Elizabeth Rose

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new year

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sultan of strategy

where the money goes

New York

DOE's public affairs director leaving to teach in Central America

Lenny Speiller, the education department's head of public affairs whose stint was checkered by a lobbying incident that got him into trouble with city investigators, is making an unusual career move. He's moving to Honduras to become a teacher. Speiller's exit is part of a restructuring within the Department of Education's communication and legislative offices meant to improve how the DOE communicates with members of the public, Chief Operating Officer Veronica Conforme told staff in an email this week. Speiller's role in charge of public affairs was to work with elected officials and community-based organizations on DOE initiatives and to curry support for the department's legislative goals. Under a four-office merger, public affairs will be folded into the External Affairs office. The other public-facing shops getting absorbed are: Communications, Digital Communications, and the Chancellor's Strategic Communications Group (a spokeswoman said the last one helps Dennis Walcott read and respond to emails from the public). Jessica Scaperotti, a former Cuomo and Bloomberg aide who joined the department in April, will over see the new streamlined office. Elizabeth Rose, a public affairs official, will temporarily fill in for Speiller while a permanent replacement is found. In announcing Speiller's departure to staff, Conforme didn't offer much of a reflection on his two-and-a-half year tenure, which was filled with a busy legislative agenda. During his time, Speiller worked on the successful push to raise the state's cap on  charter schools and on the less-successful effort to reform teacher tenure laws. But it was his work on the issue of seniority-based layoff laws that got him into trouble.
New York

Downtown residents disappointed by school zones proposal

A map of proposed new school zones for Lower Manhattan Tribeca’s P.S. 234 is no stranger to overcrowding, but last night the packed auditorium was full of stressed downtown parents instead of their children. The parents were there to speak out on the Department of Education’s rezoning proposal for downtown Manhattan during the first of multiple public hearings held by the Community Education Council for District 2. It is the third time District 2 has been rezoned in as many years as new schools have come online to serve the district's growing number of families. In 2009, the department offered up multiple rezoning options, pitting parents against each other based on how their children would be affected. This year, the department released a single proposal for the council to revise and approve. “We went through some wars together,” Elizabeth Rose, from the DOE’s department of portfolio management, told the parents at last night's meeting. “Tonight, I’m mostly here to listen.” Rose, CEC members, and other officials heard parents complain that they had moved to Tribeca in order to send their children to the popular P.S. 234, only to find out that they could be rezoned and see the value of their homes fall. They heard concerns about changes to a longstanding policy of treating the West Village as a single zone shared by multiple schools. And they heard worries about the "sketchy" neighborhood that students might have to walk through to get from Tribeca to P.S. 3 in the West Village. Together, the parents argued that the rezoning proposal did not meet downtown's real needs: for the DOE to bring school zones in line with neighborhood boundaries, ensure students' safety during their commutes, and build more schools in Lower Manhattan.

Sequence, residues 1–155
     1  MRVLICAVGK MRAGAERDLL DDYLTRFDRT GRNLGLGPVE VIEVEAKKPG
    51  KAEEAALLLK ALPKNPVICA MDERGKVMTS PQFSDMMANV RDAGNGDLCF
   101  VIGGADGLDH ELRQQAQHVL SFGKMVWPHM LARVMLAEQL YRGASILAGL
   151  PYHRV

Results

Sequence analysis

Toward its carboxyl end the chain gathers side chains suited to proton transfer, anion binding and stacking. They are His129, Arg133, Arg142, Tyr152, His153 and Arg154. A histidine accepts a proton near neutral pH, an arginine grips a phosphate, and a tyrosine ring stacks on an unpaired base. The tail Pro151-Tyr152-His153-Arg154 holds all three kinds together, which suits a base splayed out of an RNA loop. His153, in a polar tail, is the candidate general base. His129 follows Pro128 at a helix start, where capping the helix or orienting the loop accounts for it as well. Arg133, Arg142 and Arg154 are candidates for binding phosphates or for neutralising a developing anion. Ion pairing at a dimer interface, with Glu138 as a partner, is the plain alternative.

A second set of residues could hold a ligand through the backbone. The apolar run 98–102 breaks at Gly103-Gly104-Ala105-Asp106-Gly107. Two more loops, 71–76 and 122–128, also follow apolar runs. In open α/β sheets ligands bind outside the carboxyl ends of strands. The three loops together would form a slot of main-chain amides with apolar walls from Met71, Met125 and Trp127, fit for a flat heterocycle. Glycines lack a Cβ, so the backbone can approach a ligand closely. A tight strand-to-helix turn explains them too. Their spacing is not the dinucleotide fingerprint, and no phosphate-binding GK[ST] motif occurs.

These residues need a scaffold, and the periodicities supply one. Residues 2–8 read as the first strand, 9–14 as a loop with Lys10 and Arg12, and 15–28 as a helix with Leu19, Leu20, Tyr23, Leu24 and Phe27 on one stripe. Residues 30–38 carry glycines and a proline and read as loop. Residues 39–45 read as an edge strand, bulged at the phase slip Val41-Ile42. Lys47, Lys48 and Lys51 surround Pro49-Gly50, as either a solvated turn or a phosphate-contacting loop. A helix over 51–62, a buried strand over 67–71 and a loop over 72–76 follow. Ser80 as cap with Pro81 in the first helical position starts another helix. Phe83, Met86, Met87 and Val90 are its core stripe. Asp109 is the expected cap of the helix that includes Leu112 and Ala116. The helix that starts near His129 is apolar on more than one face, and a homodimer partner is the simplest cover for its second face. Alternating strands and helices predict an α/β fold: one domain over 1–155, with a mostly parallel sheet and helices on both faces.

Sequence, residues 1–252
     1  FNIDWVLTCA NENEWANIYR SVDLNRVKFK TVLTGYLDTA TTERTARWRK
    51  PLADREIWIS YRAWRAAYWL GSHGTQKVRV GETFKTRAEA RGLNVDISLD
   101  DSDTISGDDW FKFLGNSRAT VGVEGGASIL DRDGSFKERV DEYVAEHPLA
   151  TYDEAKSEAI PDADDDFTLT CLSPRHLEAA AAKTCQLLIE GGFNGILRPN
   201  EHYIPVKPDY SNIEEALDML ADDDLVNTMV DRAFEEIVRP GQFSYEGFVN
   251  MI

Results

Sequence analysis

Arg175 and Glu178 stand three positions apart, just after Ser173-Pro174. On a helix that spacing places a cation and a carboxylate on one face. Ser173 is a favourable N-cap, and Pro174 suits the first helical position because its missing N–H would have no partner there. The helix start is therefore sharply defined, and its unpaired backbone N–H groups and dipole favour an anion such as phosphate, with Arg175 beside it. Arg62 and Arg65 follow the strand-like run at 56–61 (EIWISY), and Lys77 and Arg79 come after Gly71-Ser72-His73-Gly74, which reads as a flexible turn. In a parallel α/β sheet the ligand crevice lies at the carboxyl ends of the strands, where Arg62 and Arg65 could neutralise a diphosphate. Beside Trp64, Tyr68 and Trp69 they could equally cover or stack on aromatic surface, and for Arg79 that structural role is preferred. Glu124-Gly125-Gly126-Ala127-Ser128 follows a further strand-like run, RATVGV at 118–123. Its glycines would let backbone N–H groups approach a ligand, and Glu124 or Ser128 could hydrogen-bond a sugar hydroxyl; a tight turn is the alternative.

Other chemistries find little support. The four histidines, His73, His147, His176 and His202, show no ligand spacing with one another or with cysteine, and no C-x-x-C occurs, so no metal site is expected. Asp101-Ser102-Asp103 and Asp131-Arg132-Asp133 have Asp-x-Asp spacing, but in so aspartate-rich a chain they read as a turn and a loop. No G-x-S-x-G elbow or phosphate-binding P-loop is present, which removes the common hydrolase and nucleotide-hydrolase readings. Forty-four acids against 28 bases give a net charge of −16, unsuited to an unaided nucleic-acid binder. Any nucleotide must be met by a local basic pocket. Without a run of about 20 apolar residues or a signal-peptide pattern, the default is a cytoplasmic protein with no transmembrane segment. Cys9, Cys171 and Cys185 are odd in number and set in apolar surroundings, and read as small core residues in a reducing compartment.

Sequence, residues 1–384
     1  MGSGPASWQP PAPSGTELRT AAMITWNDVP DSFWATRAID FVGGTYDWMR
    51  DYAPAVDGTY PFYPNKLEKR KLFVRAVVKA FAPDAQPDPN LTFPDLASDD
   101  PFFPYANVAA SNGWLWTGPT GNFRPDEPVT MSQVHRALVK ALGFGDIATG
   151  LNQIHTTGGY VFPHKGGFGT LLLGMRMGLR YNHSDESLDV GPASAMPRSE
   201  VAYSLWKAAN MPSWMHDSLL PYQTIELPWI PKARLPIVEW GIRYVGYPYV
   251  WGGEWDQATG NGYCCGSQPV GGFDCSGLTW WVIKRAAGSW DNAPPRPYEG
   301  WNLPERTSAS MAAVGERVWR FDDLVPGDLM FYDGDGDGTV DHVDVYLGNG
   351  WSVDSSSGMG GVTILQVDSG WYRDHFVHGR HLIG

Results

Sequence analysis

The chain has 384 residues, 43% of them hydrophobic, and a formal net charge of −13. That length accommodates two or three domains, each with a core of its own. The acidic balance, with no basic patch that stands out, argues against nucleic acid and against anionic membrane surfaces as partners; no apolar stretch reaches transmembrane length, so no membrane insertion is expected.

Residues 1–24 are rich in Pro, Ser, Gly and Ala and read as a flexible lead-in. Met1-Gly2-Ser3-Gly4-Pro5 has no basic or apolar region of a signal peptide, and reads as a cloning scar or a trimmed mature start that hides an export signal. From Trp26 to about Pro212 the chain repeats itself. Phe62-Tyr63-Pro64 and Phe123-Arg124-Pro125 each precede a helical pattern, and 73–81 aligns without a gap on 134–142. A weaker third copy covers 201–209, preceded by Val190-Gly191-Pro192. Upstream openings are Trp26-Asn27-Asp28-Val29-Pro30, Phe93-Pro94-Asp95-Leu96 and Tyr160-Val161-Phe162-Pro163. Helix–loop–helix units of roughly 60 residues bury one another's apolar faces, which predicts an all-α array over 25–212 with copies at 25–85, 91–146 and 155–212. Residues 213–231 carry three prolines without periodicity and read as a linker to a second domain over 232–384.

New York

To kindergarten shutouts, top schools official says, "I'm sorry"

Anyone who stayed until the bitter end of a three-hour meeting last night about kindergarten waitlists in Manhattan got a surprise: an uncharacteristic apology from a top DOE official. Hundreds of parents turned out for a meeting of the parent council for District 2 to vent about having been shut out, at least for now, of their neighborhood schools. Last week, Manhattan parents protested at City Hall after 273 children were put on waiting lists at many elementary schools. Deputy Chancellor Kathleen Grimm arrived late to the meeting after spending her afternoon dealing with the swine flu outbreak in Queens. She sat quietly in the audience and listened to a tense back and forth between school officials and angry parents. The auditorium had mostly emptied and council members were preparing to adjourn when Grimm approached the microphone to make a surprise statement, which I captured on video above. Here's a key part of what she said: I also want to say something that I thought I heard people from the DOE say tonight, but just in case you didn't, I want to say, I'm sorry. We're sorry. We have stumbled on some of this planning. The two officials leading the meeting told parents during the meeting that most schools should be able to eliminate their wait lists by the middle of June, after families find out where they've been offered seats in gifted and talented programs. John White, who heads the Department of Education's efforts to manage school space, said that more children in each area qualified for gifted admissions than there are children on the waiting list.